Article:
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[prog-nos-ti-key-shuh n] /prɒgˌnɒs tɪˈkeɪ ʃən/
the act of prognosticating.
a forecast or prediction.
1350-1400; Middle English pronosticacion < Medieval Latin prognōsticātiōn- (stem of prognōsticātiō). See prognosticate, -ion Unabridged
Based on the Random House Dictionary, © Random House, Inc. 2015.
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Examples from the web for prognostications
  • But while such prognostications are understandable, they are misguided.
  • Other deans were more optimistic, and some blamed marketing consultants for spreading gloom-and-doom prognostications.
  • At last, their prognostications came true: the dean was dead.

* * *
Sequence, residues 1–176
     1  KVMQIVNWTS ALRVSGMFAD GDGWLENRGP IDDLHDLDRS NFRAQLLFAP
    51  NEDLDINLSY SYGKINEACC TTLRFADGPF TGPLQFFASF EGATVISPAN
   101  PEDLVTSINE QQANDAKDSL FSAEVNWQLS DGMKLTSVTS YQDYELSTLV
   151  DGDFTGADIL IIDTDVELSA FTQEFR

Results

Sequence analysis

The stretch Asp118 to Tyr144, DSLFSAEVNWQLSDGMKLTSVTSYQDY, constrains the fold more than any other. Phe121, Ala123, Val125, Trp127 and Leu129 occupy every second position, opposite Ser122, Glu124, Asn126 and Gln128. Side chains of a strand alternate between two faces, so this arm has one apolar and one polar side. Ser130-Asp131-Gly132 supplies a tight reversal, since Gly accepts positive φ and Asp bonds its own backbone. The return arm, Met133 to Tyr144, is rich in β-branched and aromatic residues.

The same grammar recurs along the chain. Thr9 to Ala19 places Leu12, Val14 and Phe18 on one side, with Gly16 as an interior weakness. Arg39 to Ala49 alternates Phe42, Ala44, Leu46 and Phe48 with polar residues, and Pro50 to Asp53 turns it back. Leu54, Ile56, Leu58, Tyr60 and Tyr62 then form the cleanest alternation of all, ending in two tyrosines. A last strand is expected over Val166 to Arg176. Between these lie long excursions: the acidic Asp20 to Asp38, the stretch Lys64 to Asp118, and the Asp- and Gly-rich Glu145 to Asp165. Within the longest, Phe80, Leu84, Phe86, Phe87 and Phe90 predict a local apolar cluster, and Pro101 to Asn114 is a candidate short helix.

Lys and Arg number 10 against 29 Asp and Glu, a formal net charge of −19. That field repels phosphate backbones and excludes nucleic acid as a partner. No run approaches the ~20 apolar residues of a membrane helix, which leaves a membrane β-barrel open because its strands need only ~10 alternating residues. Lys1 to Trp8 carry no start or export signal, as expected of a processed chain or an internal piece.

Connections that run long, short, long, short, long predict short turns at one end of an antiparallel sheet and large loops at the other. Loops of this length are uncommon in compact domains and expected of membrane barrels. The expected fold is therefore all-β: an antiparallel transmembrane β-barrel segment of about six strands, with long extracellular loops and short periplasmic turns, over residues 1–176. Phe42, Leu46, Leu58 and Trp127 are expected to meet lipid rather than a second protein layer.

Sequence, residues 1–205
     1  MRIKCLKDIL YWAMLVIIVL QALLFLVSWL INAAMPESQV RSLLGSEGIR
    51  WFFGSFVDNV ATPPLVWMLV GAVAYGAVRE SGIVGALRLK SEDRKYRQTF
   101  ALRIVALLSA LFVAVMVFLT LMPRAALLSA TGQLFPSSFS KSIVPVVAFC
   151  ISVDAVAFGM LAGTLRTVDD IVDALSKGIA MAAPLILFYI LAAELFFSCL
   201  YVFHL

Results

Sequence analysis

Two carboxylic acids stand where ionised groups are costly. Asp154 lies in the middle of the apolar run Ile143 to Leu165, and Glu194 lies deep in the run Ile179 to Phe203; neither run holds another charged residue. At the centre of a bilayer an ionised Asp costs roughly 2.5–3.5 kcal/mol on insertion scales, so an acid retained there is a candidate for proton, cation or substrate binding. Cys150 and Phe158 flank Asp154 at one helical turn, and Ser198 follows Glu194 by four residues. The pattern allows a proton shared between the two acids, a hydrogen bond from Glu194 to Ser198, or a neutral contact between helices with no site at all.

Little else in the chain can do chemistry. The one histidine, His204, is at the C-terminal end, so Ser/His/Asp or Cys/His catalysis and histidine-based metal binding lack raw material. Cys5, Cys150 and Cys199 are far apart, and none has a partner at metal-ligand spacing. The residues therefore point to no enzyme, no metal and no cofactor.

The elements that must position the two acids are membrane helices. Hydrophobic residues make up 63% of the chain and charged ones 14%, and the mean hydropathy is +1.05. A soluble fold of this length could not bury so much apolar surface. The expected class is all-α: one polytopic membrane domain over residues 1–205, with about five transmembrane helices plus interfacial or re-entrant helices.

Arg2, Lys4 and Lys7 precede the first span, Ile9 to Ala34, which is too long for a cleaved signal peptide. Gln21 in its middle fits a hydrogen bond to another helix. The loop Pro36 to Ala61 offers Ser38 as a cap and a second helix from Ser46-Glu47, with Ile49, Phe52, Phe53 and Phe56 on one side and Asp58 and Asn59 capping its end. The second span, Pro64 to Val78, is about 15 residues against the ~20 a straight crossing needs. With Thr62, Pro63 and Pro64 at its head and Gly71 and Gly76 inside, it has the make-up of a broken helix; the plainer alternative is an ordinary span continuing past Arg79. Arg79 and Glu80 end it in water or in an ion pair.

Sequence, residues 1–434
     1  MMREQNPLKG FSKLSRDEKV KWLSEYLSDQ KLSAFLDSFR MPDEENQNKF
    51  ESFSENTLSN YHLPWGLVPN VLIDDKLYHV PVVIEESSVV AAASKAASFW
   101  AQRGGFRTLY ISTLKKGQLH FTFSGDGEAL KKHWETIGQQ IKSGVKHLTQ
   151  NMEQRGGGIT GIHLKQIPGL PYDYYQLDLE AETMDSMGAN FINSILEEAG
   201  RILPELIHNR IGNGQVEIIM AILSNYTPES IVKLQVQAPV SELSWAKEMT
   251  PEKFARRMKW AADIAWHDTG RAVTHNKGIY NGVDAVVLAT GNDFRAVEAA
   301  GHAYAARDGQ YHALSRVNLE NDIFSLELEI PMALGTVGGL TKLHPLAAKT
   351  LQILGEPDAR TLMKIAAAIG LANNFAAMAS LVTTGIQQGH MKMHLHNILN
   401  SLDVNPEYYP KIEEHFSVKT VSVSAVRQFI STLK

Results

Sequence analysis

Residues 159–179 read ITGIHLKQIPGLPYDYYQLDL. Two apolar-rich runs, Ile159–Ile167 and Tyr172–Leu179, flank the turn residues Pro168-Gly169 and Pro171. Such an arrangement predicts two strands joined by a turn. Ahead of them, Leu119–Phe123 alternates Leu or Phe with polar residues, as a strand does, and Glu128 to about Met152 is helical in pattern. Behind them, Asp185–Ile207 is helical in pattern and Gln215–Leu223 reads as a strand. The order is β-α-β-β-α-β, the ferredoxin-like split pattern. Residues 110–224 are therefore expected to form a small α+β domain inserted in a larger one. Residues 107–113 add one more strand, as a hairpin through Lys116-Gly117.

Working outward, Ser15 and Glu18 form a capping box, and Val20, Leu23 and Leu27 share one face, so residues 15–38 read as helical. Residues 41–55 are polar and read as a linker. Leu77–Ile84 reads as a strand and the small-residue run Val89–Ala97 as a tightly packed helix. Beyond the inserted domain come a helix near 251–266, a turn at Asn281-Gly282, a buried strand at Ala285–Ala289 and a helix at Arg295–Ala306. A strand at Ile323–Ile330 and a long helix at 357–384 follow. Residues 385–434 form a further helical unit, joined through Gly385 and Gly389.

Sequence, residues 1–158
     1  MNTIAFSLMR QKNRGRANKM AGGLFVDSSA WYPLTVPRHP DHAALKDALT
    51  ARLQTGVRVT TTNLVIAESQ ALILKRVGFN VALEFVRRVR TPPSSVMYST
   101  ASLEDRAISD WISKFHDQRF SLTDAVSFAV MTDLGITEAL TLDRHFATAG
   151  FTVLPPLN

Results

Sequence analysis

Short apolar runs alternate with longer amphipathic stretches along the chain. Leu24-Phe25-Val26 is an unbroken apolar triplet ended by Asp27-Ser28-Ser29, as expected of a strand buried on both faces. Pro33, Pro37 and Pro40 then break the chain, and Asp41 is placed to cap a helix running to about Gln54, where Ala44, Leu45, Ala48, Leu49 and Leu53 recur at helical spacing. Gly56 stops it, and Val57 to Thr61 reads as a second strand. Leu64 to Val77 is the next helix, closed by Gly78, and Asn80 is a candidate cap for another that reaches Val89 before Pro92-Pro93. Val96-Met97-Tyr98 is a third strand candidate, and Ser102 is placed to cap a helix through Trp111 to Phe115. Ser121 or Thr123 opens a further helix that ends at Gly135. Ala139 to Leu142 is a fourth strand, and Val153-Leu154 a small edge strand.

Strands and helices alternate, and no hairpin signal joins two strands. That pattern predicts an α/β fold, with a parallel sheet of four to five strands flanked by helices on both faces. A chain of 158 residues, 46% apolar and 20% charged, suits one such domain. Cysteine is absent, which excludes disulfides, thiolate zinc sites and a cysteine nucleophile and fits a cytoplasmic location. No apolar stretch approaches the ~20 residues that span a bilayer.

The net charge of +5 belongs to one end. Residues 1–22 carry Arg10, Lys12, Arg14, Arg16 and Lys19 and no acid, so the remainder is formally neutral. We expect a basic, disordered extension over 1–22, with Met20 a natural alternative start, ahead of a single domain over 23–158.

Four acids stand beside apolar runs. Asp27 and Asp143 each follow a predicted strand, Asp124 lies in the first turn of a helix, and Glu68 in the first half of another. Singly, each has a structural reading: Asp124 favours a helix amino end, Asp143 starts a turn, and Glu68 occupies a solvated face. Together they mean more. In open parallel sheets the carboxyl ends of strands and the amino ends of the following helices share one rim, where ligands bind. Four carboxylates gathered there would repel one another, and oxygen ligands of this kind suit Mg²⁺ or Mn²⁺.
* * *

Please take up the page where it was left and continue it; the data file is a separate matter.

• The appearances of the middle sky afford him prognostications of weather.
  • Tables of the daily state of the heavens, used as bases for prognostications.
  • And they drew a bounty of letters, laden with readers' prognostications, criticisms and alternative answers.
  • prognostications that don't pan out are rarely remembered.
  • When they can't control or don't know all the variables, their prognostications become fuzzy.
  • These many alarmist groups appear to have little concern over whether their global warming prognostications are accurate, however.
  • One might seriously ask how accurate any of the prognostications of the sampled economists had anything to do with reality.
Word Origin and History for prognostications



late 14c., from Old French pronosticacion (14c.) and directly from Medieval Latin *prognosticationem (nominative prognosticatio), noun of action from past participle stem of prognosticare "foretell," from Latin prognostica "sign to forecast weather," from neuter plural of Greek prognostikos "foreknowing," from progignoskein (see prognosis).

Online Etymology Dictionary, © 2010 Douglas Harper
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